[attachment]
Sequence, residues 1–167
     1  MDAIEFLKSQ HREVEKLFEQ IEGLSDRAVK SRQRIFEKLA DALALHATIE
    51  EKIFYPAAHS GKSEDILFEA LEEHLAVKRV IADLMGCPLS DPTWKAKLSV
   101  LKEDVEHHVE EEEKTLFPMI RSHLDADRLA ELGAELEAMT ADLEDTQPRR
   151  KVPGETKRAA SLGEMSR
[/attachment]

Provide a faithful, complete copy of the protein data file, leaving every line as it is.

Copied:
Sequence, residues 1–167
     1  MDAIEFLKSQ HREVEKLFEQ IEGLSDRAVK SRQRIFEKLA DALALHATIE
    51  EKIFYPAAHS GKSEDILFEA LEEHLAVKRV IADLMGCPLS DPTWKAKLSV
   101  LKEDVEHHVE EEEKTLFPMI RSHLDADRLA ELGAELEAMT ADLEDTQPRR
   151  KVPGETKRAA SLGEMSR